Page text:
No, according to the IRS, you can only deduct mileage for charity when you volunteer for a qualified organization. However, you must also not indicate that your contribution is for a specific person - “Contributions to individuals who are needy or worthy. You cannot deduct these contributions even if you make them to a qualified organization for the benefit of a specific person. But you can deduct a contribution to a qualified organization that helps needy or worthy individuals if you do not indicate that your contribution is for a specific person.” Source.
Organizations considered as qualified for charitable reimbursement
Non-profit organizations that are religious, benevolent, educational, scientific, or literary in nature, or that aim to prevent cruelty to children or animals, are all considered qualified. Descriptions of these organizations can be found under the heading Organizations That Qualify To Receive Deductible Contributions in Publication 526 by the IRS.
What if I take the bus/metro/train or another form of transport for charity?
If you are not using your car, but taking public transport instead, you can still get reimbursed for your commute to the non-profit organization. Make sure to keep any receipts you may have and that all costs are directly related to the services you provide and are not personal, living, or family costs (and thus, of course, not previously reimbursed).
How to report charitable and medical mileage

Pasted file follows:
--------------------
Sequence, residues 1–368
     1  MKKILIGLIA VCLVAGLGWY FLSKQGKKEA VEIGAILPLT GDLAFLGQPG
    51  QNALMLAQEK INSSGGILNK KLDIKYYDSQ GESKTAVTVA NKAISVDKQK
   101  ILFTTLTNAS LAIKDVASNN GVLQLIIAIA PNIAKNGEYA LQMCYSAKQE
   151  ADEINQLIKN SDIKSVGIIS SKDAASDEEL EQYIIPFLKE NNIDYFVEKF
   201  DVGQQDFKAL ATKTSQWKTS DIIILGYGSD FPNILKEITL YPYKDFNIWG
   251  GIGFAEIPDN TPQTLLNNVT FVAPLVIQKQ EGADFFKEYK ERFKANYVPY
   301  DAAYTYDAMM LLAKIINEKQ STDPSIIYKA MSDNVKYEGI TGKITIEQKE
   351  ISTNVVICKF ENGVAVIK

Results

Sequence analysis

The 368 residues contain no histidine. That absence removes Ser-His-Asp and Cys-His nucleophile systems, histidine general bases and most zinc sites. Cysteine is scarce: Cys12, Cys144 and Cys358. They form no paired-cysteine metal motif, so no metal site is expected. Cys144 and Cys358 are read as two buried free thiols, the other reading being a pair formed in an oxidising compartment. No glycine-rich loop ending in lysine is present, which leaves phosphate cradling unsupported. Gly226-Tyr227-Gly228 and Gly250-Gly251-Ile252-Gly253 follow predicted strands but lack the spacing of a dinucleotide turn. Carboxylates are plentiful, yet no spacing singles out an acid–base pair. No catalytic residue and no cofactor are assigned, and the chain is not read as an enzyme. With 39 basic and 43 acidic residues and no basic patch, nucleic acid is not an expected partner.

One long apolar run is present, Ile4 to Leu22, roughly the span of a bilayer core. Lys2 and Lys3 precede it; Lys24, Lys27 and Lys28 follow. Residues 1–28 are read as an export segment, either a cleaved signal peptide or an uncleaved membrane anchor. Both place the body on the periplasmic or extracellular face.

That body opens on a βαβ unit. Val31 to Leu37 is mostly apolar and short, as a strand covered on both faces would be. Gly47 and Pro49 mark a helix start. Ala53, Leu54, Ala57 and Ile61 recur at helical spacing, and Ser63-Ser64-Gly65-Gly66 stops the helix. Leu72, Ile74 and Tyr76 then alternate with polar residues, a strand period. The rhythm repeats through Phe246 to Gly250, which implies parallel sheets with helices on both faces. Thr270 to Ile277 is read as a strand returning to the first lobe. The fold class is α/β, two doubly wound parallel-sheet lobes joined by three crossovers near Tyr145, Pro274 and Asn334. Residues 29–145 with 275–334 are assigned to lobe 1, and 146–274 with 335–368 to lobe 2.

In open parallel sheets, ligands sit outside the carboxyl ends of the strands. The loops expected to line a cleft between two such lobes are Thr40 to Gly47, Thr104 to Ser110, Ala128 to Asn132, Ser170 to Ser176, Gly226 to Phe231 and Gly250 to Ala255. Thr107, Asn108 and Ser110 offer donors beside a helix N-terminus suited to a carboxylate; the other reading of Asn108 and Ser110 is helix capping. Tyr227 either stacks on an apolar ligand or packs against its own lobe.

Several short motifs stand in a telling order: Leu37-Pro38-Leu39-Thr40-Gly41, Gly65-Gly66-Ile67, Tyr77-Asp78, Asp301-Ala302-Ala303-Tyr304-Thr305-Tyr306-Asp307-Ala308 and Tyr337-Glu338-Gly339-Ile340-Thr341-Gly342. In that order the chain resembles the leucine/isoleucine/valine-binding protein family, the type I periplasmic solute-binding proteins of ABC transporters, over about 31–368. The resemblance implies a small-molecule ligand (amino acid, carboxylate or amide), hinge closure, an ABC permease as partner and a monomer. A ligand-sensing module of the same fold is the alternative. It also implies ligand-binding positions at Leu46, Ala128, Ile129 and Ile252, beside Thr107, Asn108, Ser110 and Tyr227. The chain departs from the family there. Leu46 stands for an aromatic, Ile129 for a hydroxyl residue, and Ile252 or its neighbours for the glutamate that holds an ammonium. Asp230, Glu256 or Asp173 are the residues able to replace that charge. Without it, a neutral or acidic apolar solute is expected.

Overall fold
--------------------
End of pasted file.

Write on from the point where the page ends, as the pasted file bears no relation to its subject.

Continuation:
To properly report your charitable mileage, you need to do the same thing as when you report your business and medical mileage - keep a logbook. You need to keep a proper logbook where you mark what kind of trip you drove with your car - business, personal, medical or charity. That way you will easily have all the data you need for quickly figuring out your tax claims.
One way to easily track and log all your trips while sorting them properly, is by using the Driversnote app. With our mileage tracker app, you can track all trips automatically and make sure you have all the needed information recorded.
After you generate your trips report, you can hand it over to your employer or accountant and there shouldn’t be anything else left for you to do. Using an app is one of the easiest ways to track and log mileage today for business, medical, charity or personal purposes.
For information on reporting your business mileage you can check out our IRS mileage guide where you can find information for employers, employees and the self-employed.
How to automate your mileage logbook
IRS Mileage Guide
- Calculate Your Reimbursement
- Is Reimbursement Taxed?
- How The IRS Mileage Rate Is Set
- Current Mileage Rates
- How To Claim Your Mileage On Taxes In 5 steps
- Mileage Log Requirements
- For Self-Employed
- IRS Medical And Charitable Mileage
- California Mileage Reimbursement
- For Employees
- For Employers
- IRS Mileage Rate 2022
- IRS Mileage Rate 2021
- Mileage Rates 2020